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How three billionaire founders built Singapore’s first tech unicorn—now valued at USD 65 billion

Written by Vulcan Post Published on 

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The gaming and e-commerce firm is a homegrown success, but how exactly did the co-founders grow the company and earn their riches?

Forbes recently unveiled its list of 2020 Forbes Singapore Rich List, which highlighted the top 50 richest in Singapore.

One interesting finding is that all three of Sea’s co-founders are included in the list.

Chairman and CEO Forrest Li added USD 5.53 billion to his wealth and entered the ranks of the top ten richest for the first time ever. He is currently the seventh richest in Singapore.

Meanwhile, Sea’s chief operating officer Gang Ye (No. 11, USD 4.3 billion) saw an impressive 356% jump in his net worth—this is the largest percentage gain of any fortune on the list.

Thanks to the exponential rise in Sea’s shares, the firm’s third co-founder David Chen became a billionaire as well and makes his debut at No. 25 with a net worth of USD 1.37 billion.

The gaming and e-commerce firm is a homegrown success story best known for its super-hit Free Fire online game, but how exactly did the co-founders grow the company and earn their riches?

From China to Singapore

(From left to right) Forrest Li, Gang Ye and David Chen / Image Credit: Sea via Vulcan Post

All three of the co-founders hail from China.

Chen and Ye first came to Singapore as teenagers under a government scheme to recruit foreign talent through scholarship programmes.

Chen studied computer engineering at the National University of Singapore while Ye went to Hwa Chong Institution and Raffles Junior College. He later attained bachelor degrees in computer science and economics from Carnegie Mellon University in Pittsburgh.

On the other hand, Li had earned an engineering degree from Shanghai Jiaotong University.

He then worked at Motorola Solutions Inc. and Corning Inc. in China, and later pursued an MBA at Stanford University.

His then-girlfriend (now wife) was also from Stanford. When he attended her graduation ceremony back in 2005, Steve Jobs was also present.

Jobs delivered a memorable commencement speech, urging the class to “stay hungry, stay foolish.” Those four words were ingrained in Li’s mind, and inspired him to chase his dreams.

Growing Garena into a gaming powerhouse

After Li completed his MBA, he followed his wife to Singapore.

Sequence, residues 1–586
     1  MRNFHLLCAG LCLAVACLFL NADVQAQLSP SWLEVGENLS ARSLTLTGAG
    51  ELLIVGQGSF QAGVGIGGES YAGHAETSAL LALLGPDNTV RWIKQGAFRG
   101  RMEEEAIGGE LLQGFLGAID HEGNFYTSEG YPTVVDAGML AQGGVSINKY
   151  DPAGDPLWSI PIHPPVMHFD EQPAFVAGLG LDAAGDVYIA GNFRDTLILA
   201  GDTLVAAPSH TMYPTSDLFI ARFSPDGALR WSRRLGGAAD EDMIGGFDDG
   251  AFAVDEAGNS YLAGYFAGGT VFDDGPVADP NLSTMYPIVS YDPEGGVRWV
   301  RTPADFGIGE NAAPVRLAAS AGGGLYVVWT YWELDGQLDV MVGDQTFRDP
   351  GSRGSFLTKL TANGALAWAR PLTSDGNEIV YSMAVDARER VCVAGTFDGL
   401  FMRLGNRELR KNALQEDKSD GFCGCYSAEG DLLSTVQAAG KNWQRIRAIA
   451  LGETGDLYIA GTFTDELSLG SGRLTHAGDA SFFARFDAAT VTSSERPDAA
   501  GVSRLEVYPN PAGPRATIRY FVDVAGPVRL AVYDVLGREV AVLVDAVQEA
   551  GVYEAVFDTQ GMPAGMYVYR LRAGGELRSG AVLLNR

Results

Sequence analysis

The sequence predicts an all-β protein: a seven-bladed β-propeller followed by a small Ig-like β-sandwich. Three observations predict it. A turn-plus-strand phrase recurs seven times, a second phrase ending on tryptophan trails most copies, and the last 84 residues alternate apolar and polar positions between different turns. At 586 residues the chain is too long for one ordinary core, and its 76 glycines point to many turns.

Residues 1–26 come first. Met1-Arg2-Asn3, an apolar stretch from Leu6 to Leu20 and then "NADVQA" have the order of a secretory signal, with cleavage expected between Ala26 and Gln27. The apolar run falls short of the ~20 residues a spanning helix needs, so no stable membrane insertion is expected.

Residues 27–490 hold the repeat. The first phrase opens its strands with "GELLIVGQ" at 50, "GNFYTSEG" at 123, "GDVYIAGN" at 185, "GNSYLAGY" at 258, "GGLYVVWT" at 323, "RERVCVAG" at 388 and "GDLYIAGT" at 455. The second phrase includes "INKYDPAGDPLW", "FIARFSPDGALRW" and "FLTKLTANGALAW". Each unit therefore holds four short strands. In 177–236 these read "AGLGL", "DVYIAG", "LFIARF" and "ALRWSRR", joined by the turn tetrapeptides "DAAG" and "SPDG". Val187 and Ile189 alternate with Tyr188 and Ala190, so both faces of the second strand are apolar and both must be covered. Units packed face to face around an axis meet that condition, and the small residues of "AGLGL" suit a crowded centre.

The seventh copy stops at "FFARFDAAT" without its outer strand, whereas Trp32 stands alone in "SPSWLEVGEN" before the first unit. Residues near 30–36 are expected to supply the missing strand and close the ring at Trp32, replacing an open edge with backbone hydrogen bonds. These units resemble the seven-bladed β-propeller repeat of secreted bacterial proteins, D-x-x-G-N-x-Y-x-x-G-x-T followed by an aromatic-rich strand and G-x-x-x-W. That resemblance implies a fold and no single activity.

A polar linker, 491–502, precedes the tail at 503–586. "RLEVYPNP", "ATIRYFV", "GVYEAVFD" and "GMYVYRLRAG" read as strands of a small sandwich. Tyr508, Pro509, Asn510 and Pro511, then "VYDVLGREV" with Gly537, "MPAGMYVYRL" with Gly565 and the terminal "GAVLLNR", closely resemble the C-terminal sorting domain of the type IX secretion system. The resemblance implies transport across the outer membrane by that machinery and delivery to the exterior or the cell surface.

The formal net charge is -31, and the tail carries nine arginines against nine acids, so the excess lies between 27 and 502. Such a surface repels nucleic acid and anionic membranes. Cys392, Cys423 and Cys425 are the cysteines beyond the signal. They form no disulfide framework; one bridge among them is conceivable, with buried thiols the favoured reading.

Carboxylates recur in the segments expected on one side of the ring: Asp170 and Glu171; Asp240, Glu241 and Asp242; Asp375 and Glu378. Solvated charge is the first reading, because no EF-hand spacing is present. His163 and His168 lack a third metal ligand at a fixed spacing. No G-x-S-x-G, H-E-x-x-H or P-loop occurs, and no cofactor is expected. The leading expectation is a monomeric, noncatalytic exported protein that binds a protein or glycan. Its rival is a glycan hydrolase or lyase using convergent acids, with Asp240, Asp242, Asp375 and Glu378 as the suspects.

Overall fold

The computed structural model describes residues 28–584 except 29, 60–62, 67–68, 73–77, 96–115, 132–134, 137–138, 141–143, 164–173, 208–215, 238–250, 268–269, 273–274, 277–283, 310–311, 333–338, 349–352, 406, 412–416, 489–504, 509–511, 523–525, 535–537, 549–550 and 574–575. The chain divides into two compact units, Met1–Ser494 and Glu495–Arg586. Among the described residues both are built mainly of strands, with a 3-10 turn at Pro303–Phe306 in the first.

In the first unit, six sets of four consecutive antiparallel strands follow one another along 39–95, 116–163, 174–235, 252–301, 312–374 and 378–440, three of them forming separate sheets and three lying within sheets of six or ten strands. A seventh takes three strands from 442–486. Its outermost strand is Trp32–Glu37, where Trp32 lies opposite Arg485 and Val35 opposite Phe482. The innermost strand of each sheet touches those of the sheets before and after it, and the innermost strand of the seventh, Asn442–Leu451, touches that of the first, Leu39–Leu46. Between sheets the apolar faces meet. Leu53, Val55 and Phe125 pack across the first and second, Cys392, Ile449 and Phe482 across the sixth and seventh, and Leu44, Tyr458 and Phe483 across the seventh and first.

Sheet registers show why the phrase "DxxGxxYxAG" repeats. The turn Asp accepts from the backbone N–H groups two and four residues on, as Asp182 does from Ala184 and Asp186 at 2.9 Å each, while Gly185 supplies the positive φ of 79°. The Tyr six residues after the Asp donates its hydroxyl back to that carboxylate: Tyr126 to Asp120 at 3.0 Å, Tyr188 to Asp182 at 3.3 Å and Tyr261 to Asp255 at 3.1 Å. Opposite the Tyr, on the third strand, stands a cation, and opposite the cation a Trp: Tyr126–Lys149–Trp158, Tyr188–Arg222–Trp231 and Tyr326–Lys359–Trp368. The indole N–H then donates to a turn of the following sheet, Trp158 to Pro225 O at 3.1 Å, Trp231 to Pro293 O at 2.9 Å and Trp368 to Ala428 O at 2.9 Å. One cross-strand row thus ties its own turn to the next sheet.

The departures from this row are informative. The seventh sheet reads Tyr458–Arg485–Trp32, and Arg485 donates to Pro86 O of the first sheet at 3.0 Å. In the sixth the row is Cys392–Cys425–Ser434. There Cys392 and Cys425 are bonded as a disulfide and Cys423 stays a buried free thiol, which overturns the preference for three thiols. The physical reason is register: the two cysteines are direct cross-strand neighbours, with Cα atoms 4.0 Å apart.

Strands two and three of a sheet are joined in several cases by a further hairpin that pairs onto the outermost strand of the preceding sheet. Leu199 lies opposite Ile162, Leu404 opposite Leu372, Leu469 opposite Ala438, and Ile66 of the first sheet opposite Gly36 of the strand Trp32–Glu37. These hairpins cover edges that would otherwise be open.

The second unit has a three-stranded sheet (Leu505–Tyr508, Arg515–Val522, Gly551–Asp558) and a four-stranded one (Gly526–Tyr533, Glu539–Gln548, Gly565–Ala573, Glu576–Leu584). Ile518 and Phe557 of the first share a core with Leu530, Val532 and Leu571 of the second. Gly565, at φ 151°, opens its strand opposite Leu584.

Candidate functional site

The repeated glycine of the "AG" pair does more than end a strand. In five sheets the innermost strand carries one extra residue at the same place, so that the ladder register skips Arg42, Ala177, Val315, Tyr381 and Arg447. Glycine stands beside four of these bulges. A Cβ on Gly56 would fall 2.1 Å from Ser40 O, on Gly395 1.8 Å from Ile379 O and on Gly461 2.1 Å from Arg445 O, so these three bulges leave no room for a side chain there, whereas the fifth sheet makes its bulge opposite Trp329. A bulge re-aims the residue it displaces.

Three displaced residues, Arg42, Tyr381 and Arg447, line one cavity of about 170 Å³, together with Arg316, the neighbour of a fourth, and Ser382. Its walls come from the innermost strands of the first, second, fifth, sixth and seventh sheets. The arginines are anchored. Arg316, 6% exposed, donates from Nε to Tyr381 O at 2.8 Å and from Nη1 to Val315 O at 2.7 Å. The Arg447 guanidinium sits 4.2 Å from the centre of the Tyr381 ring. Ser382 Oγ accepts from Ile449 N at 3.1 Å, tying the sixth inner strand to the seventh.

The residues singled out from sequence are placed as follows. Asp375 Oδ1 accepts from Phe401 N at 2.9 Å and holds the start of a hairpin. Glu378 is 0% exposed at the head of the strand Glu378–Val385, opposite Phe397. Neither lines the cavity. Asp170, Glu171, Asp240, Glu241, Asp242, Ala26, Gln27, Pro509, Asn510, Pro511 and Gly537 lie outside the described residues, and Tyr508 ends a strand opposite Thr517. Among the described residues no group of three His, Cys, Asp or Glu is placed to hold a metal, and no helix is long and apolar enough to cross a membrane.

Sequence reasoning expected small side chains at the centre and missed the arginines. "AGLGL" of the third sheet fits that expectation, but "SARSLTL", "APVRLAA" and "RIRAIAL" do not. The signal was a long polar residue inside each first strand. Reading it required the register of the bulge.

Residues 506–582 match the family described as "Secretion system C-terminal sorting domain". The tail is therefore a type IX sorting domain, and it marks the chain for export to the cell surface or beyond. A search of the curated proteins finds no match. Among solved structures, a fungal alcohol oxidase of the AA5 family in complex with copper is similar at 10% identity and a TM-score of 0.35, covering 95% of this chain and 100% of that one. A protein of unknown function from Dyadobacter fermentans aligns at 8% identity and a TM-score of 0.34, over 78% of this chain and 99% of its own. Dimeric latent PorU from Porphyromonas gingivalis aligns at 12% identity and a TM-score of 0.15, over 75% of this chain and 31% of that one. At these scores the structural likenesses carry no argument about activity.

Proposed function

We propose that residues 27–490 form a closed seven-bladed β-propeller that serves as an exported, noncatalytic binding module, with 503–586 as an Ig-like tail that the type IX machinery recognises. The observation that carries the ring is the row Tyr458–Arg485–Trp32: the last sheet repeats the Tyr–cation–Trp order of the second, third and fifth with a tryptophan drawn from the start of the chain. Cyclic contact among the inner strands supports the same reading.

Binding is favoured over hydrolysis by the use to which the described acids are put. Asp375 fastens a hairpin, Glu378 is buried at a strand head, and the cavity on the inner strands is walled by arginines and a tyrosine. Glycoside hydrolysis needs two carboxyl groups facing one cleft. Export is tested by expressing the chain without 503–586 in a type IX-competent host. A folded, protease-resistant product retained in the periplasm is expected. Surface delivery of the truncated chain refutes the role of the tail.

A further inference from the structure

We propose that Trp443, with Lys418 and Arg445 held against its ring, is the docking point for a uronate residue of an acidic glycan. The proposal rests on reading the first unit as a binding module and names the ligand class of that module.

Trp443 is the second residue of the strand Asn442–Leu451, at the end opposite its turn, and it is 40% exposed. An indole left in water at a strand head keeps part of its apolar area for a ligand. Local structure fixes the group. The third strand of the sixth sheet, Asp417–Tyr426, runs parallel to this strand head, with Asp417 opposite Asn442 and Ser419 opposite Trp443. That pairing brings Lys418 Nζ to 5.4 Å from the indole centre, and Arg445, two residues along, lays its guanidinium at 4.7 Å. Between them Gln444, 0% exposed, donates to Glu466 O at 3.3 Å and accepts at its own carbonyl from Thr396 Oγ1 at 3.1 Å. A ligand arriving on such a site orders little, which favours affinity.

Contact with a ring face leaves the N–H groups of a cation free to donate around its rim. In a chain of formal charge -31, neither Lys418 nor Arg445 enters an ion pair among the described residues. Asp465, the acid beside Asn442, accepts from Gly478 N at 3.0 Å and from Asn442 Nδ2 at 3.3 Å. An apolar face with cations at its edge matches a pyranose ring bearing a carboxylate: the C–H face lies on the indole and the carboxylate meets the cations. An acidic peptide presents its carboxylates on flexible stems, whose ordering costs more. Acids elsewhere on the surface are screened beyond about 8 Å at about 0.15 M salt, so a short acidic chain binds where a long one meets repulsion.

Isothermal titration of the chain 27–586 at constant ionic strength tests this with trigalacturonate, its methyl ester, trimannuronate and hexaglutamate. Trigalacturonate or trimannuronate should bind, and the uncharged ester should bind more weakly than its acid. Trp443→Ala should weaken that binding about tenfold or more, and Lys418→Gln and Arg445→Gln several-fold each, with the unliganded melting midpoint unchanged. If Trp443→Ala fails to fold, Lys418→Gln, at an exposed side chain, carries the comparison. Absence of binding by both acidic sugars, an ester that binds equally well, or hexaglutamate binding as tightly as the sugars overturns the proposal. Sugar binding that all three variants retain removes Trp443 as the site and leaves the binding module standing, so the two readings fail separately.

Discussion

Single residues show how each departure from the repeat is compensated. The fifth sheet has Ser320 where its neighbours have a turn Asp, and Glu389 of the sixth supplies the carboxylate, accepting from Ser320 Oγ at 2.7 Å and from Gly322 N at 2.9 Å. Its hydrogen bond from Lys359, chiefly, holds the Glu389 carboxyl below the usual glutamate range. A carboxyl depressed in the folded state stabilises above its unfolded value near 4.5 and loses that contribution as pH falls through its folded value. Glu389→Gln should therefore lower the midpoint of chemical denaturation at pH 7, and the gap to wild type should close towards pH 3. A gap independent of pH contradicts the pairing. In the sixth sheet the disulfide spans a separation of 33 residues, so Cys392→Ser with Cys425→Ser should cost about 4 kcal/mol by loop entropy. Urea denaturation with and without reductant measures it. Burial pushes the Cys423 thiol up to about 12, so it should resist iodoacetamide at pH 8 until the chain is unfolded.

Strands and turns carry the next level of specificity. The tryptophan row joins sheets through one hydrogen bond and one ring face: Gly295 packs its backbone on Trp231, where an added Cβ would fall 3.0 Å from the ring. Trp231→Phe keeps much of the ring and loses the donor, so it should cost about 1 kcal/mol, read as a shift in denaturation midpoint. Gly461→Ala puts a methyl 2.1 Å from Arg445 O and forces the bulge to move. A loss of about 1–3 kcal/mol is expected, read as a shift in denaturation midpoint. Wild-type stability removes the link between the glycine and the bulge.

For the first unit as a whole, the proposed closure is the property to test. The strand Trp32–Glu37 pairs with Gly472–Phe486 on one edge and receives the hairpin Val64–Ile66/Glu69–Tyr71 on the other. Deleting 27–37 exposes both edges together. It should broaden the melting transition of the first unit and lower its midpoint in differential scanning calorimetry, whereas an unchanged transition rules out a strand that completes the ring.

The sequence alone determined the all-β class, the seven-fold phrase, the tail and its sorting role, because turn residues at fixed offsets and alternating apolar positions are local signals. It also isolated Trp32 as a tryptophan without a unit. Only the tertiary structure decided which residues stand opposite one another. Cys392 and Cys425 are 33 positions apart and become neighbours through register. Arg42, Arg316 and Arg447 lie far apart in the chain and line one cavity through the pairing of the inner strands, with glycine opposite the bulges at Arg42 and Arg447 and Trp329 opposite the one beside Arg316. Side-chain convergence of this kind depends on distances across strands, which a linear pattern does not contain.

He worked for nine months with MTV Network’s digital team before starting his first business, GG Game, which develops single-player gaming products.

Angel investors for GG Game included Skype co-founder Toivo Annus; Bryan, who is the son-in-law of billionaire Robert Kuok; and Kuok Khoon Hong, CEO of palm oil major Wilmar.

The venture was short-lived, but a fresh funding of about USD 1 million earned him another chance to redeem himself.

Garena World / Image Credit: Beartai via Vulcan Post

He started anew with Garena in 2009, roping in fellow co-founders Chen and Ye.

Short for Global Arena, it is a leading online games developer and publisher with a global footprint across more than 130 markets.

It developed Free Fire, a popular mobile battle royale game, which has hit 100 million peak daily users in the second quarter of 2020.

According to data from App Annie, it continues to be the highest grossing mobile game in Southeast Asia and Latin America.

In addition, Garena exclusively licenses and publishes games from global partners. It also hosts esports events, ranging from local tournaments to global esports competitions.

In a 2009 interview with TechinAsia, Li simply described Garena as a “community for gamers worldwide.”

Watch Now | Is Sea Group Southeast Asia’s answer to Tencent and Alibaba?

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At that time — the first year of its launch — it had 23 million registered gamers from 210 countries.

They ramped up their user base through their flagship product, which is a downloadable gaming platform (garena.com).

The most exciting thing about this platform is every time you log on, you will be immediately connected to another 400,000 gamers who are also on the platform at that moment. They are from every corner of the world, but share the same passion on games.

– Forrest Li, co-founder and CEO of Sea in a 2009 interview with Tech in Asia

Through the platform, gamers can chat, challenge opponents, and play their favourite games online with millions of other gamers.

According to Li, their big break only came in 2010 when they secured a distribution license in Southeast Asia with US game developer Riot Games, which had just released League of Legends at the time.

It helped Garena turn profitable within the next two years, and opened doors of opportunities for them to secure other game titles.

That was also how it gained the attention of Tencent, which is the majority owner of Riot Games.

In November 2018, Garena partnered Tencent, which allowed it to gain a five-year right of first refusal to publish Tencent’s mobile and PC games across Southeast Asia and Taiwan.

This helped to boost Garena’s already-strong portfolio of PC and mobile games, further solidifying the company as a Southeast Asia gaming powerhouse.

First foray into fintech: SeaMoney

Garena didn’t want to settle to be “just a single-country business” so it thought of ways on how it could expand its business further.